The rule for nominal interest rate setting that John Taylor proposed in his 1993 paper “Discretion versus Policy Rules in Practice“, Carnegie-Rochester Conference Series on Public Policy 39, 195-214, has had an enormous influence in the macroeconomics profession.  It is safe to say that numerous economists, practitioners and academics alike, since that paper have evaluated monetary policymaking using the Taylor rule as some kind of reference point. Empirically, a plethora of papers have estimated coefficients of Taylor-type rules for different countries during different periods. Theoretically, paper after paper on monetary policymaking adopt some form of the Taylor rule as a default specification of monetary policymaking (even undergraduate text books routinely … Continue reading

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Gavin Davies on the Fed and the ECB

Gavin Davies has an interesting post on his Financial Times blog. It is entitled “Strange bedfellows – the Fed and the ECB” and it discusses the co-movements between the Federal funds rate and the Deutschmark/Euro policy rate since 1987. There seems to be a leader-follower pattern, in the sense that Europe has followed the Fed with a 6-12 month lag. Davies concludes that this “is one of the most well established rules in the analysis of monetary policy making“. This is perhaps a somewhat strong statement, and I would, based on visual inspection (upon which one should be VERY careful), conjecture that most of this correlation is driven by the … Continue reading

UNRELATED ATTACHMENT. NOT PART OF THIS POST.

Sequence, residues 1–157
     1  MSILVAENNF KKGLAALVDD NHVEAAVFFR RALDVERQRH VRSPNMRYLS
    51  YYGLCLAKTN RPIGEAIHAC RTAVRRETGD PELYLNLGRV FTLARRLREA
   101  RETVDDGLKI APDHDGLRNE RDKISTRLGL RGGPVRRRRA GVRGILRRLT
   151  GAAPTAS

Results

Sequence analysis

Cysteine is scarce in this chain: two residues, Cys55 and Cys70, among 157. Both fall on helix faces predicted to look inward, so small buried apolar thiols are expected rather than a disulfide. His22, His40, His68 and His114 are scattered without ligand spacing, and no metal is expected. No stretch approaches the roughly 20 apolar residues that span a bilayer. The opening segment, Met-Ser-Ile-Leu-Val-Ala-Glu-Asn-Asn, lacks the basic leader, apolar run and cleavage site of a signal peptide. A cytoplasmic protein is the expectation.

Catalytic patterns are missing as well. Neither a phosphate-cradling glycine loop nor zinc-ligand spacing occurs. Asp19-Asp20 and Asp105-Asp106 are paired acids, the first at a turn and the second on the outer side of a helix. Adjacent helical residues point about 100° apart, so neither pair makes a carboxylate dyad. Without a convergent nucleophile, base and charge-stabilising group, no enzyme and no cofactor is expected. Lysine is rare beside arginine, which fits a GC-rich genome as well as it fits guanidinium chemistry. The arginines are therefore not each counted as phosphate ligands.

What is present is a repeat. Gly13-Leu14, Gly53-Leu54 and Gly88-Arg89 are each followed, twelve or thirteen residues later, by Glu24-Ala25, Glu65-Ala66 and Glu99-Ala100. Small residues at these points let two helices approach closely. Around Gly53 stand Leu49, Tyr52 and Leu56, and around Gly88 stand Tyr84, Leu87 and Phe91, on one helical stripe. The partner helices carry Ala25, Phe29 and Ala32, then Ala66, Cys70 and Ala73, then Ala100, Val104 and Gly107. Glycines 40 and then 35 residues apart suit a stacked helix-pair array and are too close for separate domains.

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Simple Policy Rules or Simple Consumption Rules? A Semi-serious Comparison Based on Brain Usage

Let me start this post with a warning. As indicated by the title, it will involve semi-serious thoughts, which in this case is equivalent to semi-humorous thoughts. So the contents are intended as a sort of economists’ joke (which may not be funny to that many, if any, besides me). Also, in order to understand the fun, it will require some knowledge about graduate dynamic macroeconomics, more specifically the continuous-time Ramsey-Kass-Koopmans model. With this warning, I proceed. In recent macroeconomic literature on monetary and fiscal stabilization policies, researchers often characterize the optimal stabilization policy in a conventional public-finance fashion. Then, many argue that such a policy is too complicated to … Continue reading

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A Credible Anti-Inflationary Central Bank Ignores Inflation

Today, the European Central Bank decided to keep its policy rate unchanged. I am not particularly surprised. In recent empirical work, Morten Aastrup and I estimate what determines the ECB’s interest-rate changes. It turns out that inflation or expectations thereof play no role. Instead, changes in economic activity as measured by Euro-area unemployment is an important determinant. Americans who cling to the idea that good monetary policymaking is characterized by an adherence to a variant of John B. Taylor’s rule that carries his name, may find this surprising. However, consistent with modern New-Keynesian theory (cf. Michael Woodford’s Interest and Prices, Princeton University Press, 2003), a credible anti-inflationary central bank can … Continue reading